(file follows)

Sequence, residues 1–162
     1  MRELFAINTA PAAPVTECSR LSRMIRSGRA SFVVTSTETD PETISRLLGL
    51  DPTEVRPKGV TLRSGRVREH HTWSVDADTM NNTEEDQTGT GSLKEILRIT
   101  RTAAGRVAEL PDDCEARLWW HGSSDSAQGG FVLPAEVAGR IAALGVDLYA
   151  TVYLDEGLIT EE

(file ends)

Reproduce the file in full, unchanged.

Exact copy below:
Sequence, residues 1–162
     1  MRELFAINTA PAAPVTECSR LSRMIRSGRA SFVVTSTETD PETISRLLGL
    51  DPTEVRPKGV TLRSGRVREH HTWSVDADTM NNTEEDQTGT GSLKEILRIT
   101  RTAAGRVAEL PDDCEARLWW HGSSDSAQGG FVLPAEVAGR IAALGVDLYA
   151  TVYLDEGLIT EE